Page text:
An ecological framework for understanding development promotes research linking contextual influences with basic socialization processes in the emergence of competence and dysfunction (Bronfenbrenner 1989). Child relationships with teachers and other school officials, as well as influences that arise from factors including poverty and social disadvantage, all interact to create an intricate developmental tapestry that potentially supports maladaptive behavior.
Contextual conditions that can affect the development of antisocial behavior include divorce, marital transitions, poverty, and unemployment. Consistent with an ecological emphasis, it seems that these factors influence CD by disrupting family and peer environments. In a classic study, Glen Elder, Tri Van Nguyen, and Avshalom Caspi (1985) showed that poverty associated with the Great Depression disrupted parent-child interactions and was a factor in behavior problems in children.
For some children, the climate at school is reminiscent of their own family context in that relationships with teachers and peers can be experienced as conflictual, coercive, and embedded in spirals of negative interactions. This elevates the likelihood of child disengagement from the learning process. Academic failure is well documented to be strongly linked to aggressive, impulsive, antisocial behavior and criminality. In addition, studies of school environments suggest that classroom aggression may also influence the development of conduct problems. A study of first grade children revealed that individually aggressive boys in highly aggressive classes are at increased risk of being rated aggressive by sixth grade teachers (Kellam et al. 1998), confirming that experiences across multiple domains influence the development of conduct problems.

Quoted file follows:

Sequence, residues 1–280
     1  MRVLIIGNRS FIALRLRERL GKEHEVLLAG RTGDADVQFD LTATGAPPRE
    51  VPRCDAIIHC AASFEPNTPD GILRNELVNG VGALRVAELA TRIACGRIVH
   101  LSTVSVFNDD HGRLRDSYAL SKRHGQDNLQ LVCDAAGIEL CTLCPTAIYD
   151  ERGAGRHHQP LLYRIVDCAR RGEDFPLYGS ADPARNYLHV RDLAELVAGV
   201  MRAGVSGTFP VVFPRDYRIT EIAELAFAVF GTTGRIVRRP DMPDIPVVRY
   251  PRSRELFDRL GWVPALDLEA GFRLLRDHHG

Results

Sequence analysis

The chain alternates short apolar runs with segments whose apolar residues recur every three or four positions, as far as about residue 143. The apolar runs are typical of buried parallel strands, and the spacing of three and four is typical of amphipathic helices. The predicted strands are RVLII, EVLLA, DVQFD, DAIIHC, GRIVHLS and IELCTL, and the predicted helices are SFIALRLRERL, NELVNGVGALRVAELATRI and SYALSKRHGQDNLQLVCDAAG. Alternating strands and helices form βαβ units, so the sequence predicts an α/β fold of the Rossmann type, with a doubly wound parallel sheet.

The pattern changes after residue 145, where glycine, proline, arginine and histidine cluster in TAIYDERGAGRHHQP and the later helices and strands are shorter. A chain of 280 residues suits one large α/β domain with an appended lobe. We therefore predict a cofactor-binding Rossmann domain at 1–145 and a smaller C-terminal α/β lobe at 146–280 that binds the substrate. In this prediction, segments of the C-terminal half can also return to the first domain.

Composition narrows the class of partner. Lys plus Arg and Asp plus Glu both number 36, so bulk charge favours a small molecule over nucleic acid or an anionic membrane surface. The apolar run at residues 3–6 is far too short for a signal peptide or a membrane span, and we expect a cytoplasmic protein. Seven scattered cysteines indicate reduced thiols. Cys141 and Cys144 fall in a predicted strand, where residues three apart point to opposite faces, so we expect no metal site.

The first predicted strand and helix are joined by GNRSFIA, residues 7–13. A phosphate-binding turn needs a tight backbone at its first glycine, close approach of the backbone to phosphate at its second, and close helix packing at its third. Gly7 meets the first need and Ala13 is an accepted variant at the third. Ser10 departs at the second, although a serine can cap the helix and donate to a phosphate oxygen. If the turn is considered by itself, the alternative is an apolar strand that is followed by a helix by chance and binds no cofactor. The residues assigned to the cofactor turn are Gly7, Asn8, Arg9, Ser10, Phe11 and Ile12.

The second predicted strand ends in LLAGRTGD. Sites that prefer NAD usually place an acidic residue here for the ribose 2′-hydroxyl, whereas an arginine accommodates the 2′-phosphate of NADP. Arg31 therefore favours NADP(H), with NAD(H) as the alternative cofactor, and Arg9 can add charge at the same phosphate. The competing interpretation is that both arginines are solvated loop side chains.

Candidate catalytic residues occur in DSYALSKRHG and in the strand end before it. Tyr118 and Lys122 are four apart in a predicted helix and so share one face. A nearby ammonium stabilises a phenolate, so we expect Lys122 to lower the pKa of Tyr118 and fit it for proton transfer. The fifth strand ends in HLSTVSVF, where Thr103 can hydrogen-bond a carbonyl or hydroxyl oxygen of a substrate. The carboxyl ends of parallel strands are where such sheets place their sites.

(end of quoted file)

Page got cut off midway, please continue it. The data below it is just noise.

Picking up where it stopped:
- Conduct Disorder - Cross-cultural Research
- Conduct Disorder - Peer Deviance
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